The SHINE Initiative Names Fred Kaelin as Next Exec. Director
August 6, 2018 The SHINE Initiative, a Worcester nonprofit that works to improve mental health awareness, research, programming, and public policy in the fight against mental illness in children and young adults, today announced it has named Fred Kaelin as its next executive director.
Kaelin will succeed Paul Richard, executive director of The SHINE Initiative
since 2011, who will retire at the end of the year.
We are extremely pleased with this leadership transition, says advisory board chair and Fidelity Bank Chairman and CEO Edward F. Manzi, Jr. Paul will retire as a beloved leader. We couldnt have had a more able leader for the past seven years. Freds vision, experience, and accomplishments are an ideal fit for The SHINE Initiative going forward.
Kaelin most recently served as chief development officer at Youth Opportunities Upheld, Inc. and has nearly a decade of executive director experience at Dynamy, Inc.
It is an honor to join The SHINE Initiative, said Kaelin. I look forward to bringing my years of nonprofit work to the organization and continuing Pauls work of shining a light on the stigma of mental illness in central Mass.
Kaelin earned a Bachelor of Arts degree in English literature from Hamilton College and a master's degree in secondary English education from Tufts University.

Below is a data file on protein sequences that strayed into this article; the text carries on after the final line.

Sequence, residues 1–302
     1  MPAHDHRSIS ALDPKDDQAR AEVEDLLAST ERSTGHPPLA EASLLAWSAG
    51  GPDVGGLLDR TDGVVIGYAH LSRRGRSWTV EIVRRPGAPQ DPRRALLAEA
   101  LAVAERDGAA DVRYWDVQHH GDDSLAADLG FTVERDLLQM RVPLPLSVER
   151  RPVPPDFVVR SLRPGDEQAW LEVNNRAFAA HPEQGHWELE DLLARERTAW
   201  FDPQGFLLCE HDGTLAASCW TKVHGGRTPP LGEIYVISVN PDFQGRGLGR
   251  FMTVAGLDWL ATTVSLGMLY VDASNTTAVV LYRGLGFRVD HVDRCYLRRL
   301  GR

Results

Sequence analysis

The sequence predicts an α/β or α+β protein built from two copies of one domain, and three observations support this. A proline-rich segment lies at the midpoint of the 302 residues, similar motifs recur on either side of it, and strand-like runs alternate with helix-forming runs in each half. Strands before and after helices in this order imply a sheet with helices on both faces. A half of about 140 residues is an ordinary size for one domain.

Richard has been a member of The SHINE Initiative advisory board since its inception in 2004. He will retire after a 30-year career in fundraising, community development, and mental health advocacy.
The SHINE Initiatives was founded by Fidelity Bank with input from its employees in 2004 to reduce the stigma of mental health conditions, end discrimination and raise awareness and understanding about mental health conditions in children, adolescents and young adults as a mainstream health issue.
According the organization, half of lifetime causes of mental illness begin by age 14. Since 2013, The SHINE Initiative has engaged directly with 31,000 young people and the parents, teachers, and other adults who care for them, through a series of 200 classroom presentations, teacher/staff trainings, and parent and community forums and conferences.
The SHINE Initiative said nearly 40 student-led Student Wellness Advisory Teams (SWAT) will be in place in central Massachusetts high schools and middle schools within the next year.